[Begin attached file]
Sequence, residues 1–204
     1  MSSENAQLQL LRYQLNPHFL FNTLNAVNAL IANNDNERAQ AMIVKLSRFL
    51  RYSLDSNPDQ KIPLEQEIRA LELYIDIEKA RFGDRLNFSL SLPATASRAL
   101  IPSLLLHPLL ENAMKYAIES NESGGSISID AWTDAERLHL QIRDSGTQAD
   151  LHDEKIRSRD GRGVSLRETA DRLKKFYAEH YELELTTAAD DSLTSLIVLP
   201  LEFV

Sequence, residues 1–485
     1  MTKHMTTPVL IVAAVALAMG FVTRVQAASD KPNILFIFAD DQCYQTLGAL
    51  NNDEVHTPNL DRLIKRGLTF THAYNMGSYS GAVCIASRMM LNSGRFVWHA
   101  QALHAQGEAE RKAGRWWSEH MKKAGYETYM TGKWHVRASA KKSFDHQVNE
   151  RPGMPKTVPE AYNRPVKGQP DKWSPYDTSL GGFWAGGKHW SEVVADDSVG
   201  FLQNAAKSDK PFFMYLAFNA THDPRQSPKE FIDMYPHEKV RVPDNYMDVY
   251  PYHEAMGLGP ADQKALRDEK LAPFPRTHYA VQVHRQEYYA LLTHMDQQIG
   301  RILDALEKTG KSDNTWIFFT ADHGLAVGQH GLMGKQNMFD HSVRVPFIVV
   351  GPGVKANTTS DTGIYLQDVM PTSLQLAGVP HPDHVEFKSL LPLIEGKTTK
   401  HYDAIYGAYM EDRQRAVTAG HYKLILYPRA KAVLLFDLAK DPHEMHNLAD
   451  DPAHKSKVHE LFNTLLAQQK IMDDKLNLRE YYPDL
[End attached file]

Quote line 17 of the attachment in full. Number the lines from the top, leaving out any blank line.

   451  DPAHKSKVHE LFNTLLAQQK IMDDKLNLRE YYPDL